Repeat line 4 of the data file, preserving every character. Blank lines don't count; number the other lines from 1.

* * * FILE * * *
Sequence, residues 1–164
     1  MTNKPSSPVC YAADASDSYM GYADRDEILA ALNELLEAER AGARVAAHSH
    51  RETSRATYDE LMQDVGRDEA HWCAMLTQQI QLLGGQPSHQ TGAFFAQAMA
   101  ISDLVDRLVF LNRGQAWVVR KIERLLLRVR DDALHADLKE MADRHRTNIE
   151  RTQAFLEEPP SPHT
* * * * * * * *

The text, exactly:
   101  ISDLVDRLVF LNRGQAWVVR KIERLLLRVR DDALHADLKE MADRHRTNIE